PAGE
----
Sunday, July 18, 2010

I know for sure when the Messiah is coming...

...that will be precisely the day Israelis learn to stand in line without cutting in.
So I advise all you evangelicals not to hold your breath. It ain't happening any time soon.

I had forgotten how exhilarating and aggravating that little country is. As I posted before, it has changed quite a bit since I saw it last in 1988. But many of its idiosincracies remain firmly in place. Israeli culture is very strong. If you come from any country where communication is not necessarily done by means of irony or sarcasm, you need to adjust. Every single communication exchange in Israel could be the seed for a lengthy Talmudic discussion. For example:
Our friend Jacqueline is driving us to the Jordanian crossing via Eilat. We are stopped at a police checkpoint (as is everybody else). The young policeman asks where we are going, we say Eilat. Then he says: "Why is the lady in the back not wearing a seatbelt?"
I'm pretty sure in any other country this would not be put in the form of a rhetorical question. Any policeman anywhere else would say something like, "passengers who sit in the back must also wear seat belts", or "please put on your seat belt, ma'am".
When a question is posed, there is fertile ground for equally sardonic responses, as is there for subtext. And as we know from millenia of Biblical reading and parsing, everything is subtext. So perhaps the subtext is: Which one of you morons is not aware that everyone in this country must wear a seat belt? Or "is this lady someone so special that the law does not apply to her?" The possibilities are endless.  The point is, everything in Israel is an argument. This is endearing the first five minutes but soon it becomes exhausting. It's like everybody is your pushy relative and they butt in at any time and under any circumstance, making sure you know how stupid they think you are.

I will tell you what made me very sad:
• Everyone has become more radical and more irrational and there is more tension between Arabs and Jews. Having said this, one of the most astounding sights of the entire trip was swimming at the springs at Sachne with Muslim women and orthodox Jewish women frolicking fully clothed in the same waters.

I remember a time when it was possible to visit inside the Dome of the Rock. Now that is forbidden to non-Muslims. This is very unfortunate. The Dome of the Rock is the perfect symbol of the craziness of Jerusalem. Said rock, according to Islamic tradition, is from where Prophet Muhammad ascended to heaven and is the foundational stone of the world. According to Jewish tradition, it is where Abraham was about to sacrifice his son Isaac according to God's instructions. It is also where the main altar of the Second Jewish Temple stood. The Jews were expelled so the Muslims built their mosque in the exact same place. It's nuts.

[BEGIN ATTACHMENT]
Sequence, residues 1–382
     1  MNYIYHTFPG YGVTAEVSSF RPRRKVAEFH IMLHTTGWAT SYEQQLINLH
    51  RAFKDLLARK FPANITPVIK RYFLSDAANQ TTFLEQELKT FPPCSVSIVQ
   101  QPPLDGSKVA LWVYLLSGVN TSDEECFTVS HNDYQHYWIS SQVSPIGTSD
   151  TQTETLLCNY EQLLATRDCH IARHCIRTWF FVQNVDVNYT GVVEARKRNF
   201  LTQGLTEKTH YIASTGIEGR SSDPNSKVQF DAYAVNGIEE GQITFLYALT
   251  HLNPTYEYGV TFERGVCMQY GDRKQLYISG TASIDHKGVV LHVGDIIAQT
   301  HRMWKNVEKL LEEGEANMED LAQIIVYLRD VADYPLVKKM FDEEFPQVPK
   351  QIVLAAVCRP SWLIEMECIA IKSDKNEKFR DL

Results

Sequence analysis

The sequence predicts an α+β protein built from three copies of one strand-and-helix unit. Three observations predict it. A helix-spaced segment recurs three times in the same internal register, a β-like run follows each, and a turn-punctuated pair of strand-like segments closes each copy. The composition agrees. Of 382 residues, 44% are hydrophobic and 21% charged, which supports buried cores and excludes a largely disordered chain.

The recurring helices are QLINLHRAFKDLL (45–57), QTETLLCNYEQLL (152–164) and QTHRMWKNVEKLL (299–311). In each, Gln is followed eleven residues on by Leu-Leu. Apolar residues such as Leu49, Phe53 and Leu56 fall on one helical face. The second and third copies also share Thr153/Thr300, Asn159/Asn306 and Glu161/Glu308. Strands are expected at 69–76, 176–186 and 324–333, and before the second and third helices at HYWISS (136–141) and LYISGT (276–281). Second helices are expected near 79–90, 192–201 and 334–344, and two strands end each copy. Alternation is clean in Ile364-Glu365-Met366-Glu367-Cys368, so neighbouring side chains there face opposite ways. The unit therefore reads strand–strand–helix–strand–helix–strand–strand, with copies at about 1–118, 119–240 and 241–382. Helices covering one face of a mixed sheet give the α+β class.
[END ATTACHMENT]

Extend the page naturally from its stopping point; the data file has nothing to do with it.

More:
I also remember a time when there wasn't a wall separating the occupied territories from Israel. This wall, as horrid as it sounds, has actually helped deter terrorist attacks in Israel, but it has also made life harder for the Arabs in the occupied territories who depend on Israel for their work. A lot of people who like to gripe about Israel do not realize at all how interconnected the lives of Jews and Arabs are. They think all the Arabs are living behind barbed wire in dire conditions. This is not the case. But the country has tragically shifted to the right, while the Arabs have also become radicalized. This does not bode well for peace anytime soon.

I remember a time when, if you stood at the amphiteater of the Hebrew University in Mount Scopus, you would see Jordan and mostly desert and you would not see the humongous and growing, horrid Maaleh Adumim settlement that is not only destroying the landscape but also the chances for peace.

I remember a time when the Dead Sea wasn't evaporating at an alarming rate. It looks like it's bound to disappear soon. This is appalling.

I remember a time when my Kibbutz had not been privatized and did not lease land to office complexes.

I remember a time when not everything wanted to be a mall.

• People are becoming more religious, and the religious are growing exponentially. This is a disaster if the country wants to be a secular democracy, which is what it should be. Secular Jews are not being forceful enough to demand a modern, secular democracy in Israel. Don't come crying to me when it turns into Iran. But about my absolute detestation of the very religious, there will be another post.

1 comment:

  1. Tova in Toronto11:28 AM

    What a wonderful blog and photos!! I lived in Israel from 76 to 81, and they were the best years of my life. I would love to retire there one day, but this zealotization of the area has me terrified. As an atheist with a great love of my jewish culture I could deal with the intrusion of the orthodox, but the loss of separation between state and religion is definitely not something I could accept. I do not understand why secular Israelis are not making their voices heard on this vital topic. As for the food there, oh what delicious memories!!! Nothing tastes as good as Israeli food. Thanks for the lovely salivatory pics.